"This month there is a 6-3 vote on The Times Shadow MPC for a rate rise from 0.5% to 0.75%. I Hope the real MPC is listening. We are moving into the 10th year of economic recovery and rates have been at emergency levels for far too long now," says Andrew Sentance, a business economist with PwC and a former member of the Bank of England's Monetary Policy Committee.

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Eyes on August

So, with the Bank's credibility in question, what can the Bank do to maintain a grip on market expectations?

Analysts are increasingly of the opinion that the Bank won't risk deviating from its recent messaging significantly in order to maintain credibility; in short it will maintain the line that interest rates are rising over coming months.

This now makes the August Inflation Report a favoured option for any move on interest rates.

Analyst Jordan Rochester at Nomura is betting on a rise in the Pound based on the view that the Bank will now condition markets for such a move.

"The main reason why we are confident going into the BoE meeting that this view will work is that in September of last year the BoE was faced with a credibility problem of wanting to raise rates reasonably soon but in a market that failed to price for them. So it introduced “coming months” into the statement to spur a steeper market curve. The Bank may again face such a problem if it were to err too much on the dovish side at next week’s Inflation Report, so we expect it to deliver a balanced statement that will keep each MPC meeting live," says Rochester.

Commerzbank's Praefcke says were the Bank to raise interest rates on May 10 its credibility would take a sizeable hit, as this would constitute a significant surprise that would likely trigger notable financial market volatility. Commerzbank are therefore now also expecting the foundations to be laid for an August rate rise.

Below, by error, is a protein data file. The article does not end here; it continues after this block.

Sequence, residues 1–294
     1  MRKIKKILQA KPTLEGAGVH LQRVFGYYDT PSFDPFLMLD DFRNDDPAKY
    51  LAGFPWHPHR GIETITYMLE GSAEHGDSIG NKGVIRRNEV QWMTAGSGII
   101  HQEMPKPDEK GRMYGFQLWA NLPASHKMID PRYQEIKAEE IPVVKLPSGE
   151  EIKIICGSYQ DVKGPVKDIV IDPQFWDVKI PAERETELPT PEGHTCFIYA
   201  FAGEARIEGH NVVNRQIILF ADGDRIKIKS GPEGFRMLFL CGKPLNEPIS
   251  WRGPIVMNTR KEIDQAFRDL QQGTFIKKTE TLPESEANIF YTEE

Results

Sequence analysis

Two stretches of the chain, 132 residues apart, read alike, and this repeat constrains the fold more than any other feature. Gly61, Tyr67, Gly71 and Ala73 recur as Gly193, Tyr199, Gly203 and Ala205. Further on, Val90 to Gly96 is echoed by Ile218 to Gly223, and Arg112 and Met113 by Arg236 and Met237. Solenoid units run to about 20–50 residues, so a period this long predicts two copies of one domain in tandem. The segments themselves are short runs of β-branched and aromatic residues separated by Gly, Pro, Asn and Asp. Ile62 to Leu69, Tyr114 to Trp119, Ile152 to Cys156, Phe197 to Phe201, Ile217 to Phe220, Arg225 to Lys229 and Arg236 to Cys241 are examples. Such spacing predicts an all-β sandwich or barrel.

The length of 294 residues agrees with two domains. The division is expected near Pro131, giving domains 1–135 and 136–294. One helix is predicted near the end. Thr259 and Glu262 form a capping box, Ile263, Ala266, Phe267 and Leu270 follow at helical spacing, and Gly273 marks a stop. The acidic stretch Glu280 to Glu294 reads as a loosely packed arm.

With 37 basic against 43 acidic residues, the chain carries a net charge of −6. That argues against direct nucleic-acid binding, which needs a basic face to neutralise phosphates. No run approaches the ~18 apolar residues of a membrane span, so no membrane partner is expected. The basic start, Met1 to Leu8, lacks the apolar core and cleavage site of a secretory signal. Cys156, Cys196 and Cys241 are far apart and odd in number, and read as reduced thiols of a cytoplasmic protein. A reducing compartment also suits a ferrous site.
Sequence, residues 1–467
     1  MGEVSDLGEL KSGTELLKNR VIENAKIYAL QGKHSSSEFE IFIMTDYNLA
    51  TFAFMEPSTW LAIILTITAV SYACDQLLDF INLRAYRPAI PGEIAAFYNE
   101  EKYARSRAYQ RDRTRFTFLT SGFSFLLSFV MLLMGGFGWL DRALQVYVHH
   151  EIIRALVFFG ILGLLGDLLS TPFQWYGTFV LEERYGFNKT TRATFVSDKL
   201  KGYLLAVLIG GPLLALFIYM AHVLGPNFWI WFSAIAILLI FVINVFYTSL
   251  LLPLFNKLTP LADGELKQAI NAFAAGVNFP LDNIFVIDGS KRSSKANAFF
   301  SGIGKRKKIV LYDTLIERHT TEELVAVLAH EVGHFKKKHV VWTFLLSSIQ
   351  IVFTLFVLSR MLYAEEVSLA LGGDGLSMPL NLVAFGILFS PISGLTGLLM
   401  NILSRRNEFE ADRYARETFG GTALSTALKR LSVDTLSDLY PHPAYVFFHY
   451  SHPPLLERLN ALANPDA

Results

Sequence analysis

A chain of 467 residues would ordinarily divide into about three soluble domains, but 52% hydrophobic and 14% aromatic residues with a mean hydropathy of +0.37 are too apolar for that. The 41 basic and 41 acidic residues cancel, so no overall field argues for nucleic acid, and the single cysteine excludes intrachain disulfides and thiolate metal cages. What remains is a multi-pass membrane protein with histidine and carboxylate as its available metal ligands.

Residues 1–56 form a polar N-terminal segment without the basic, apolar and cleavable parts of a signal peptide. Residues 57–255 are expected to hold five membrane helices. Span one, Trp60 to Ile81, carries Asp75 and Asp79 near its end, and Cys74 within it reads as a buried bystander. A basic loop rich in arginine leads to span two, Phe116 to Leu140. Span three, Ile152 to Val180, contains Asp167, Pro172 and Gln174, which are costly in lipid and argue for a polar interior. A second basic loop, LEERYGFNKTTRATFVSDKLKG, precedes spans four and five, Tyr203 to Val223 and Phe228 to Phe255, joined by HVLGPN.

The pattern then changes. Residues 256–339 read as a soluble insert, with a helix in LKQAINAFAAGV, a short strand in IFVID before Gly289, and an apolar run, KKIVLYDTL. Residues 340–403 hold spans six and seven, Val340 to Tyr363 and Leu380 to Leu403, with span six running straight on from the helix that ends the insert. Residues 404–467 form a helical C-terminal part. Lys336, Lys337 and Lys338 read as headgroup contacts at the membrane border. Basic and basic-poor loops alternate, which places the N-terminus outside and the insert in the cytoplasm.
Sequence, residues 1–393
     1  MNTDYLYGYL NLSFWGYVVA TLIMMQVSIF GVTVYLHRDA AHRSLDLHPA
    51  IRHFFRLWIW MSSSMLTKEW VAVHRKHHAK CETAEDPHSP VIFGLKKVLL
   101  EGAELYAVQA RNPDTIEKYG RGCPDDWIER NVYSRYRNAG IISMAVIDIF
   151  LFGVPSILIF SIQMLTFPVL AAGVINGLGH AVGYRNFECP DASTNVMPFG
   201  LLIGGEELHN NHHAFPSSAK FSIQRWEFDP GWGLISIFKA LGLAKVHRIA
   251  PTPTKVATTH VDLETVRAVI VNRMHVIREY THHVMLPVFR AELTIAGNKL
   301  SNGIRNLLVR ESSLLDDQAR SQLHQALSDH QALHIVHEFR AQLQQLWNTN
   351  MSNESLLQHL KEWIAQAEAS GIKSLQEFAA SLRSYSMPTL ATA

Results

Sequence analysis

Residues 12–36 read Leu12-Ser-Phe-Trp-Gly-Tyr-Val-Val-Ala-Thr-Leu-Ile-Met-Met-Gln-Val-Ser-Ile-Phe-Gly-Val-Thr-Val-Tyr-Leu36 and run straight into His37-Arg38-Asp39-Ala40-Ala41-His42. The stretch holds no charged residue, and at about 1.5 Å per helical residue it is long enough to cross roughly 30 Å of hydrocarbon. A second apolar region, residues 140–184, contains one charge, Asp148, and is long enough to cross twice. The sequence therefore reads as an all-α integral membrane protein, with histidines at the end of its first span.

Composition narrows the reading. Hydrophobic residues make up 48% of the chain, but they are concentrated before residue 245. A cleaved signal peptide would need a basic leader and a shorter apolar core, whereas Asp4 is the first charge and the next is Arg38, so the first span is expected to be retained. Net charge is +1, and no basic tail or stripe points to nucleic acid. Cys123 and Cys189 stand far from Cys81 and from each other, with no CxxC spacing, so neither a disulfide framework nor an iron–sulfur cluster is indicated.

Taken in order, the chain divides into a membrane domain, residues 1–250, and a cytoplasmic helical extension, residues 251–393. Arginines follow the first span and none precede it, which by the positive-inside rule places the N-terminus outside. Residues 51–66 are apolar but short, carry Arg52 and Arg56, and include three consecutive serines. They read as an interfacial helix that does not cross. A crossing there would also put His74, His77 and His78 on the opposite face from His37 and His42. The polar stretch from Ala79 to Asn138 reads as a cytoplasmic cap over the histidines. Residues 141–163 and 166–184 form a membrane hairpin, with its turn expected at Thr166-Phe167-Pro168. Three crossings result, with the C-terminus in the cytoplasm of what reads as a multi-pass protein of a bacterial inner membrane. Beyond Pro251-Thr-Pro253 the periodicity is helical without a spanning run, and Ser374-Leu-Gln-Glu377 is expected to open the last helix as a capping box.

Strategists appear to also agree that signalling a rate rise in August would offer Sterling support, however there are warnings that the Bank might have learned a lesson in keeping such a tight leash on market expectations.

Nikesh Sawjani, UK Economist with Lloyds Bank Commercial Banking, says the problem facing the Bank is one of presentation, particularly with much of the communication that will cross the newswires on May 10 unlikely to be seen as supportive of a near-term rate hike.

"Downgrades to the Bank’s growth and inflation forecasts would make maintaining a hawkish bias a difficult 'sell'" says Sawjani, adding:

"The MPC is not averse to ‘jawboning’ to bring markets round to their view. In essence, the MPC has options available to it to counter the current less hawkish stance adopted by market practitioners. However, having been instrumental in guiding the markets towards expecting a rate hike sooner rather than later earlier this year, only to now (most likely) disappoint, there may be some aversion to trying to guide the markets too closely at this stage."

The Bank might thus adopt an opaque stance, at least until there is a firm pick-up in the data.

Such an outcome would likely weigh on Sterling, however it appears the risk-reward skew is now to the upside considering the decline in both the Pound and the Bank of England's credibility recent weeks.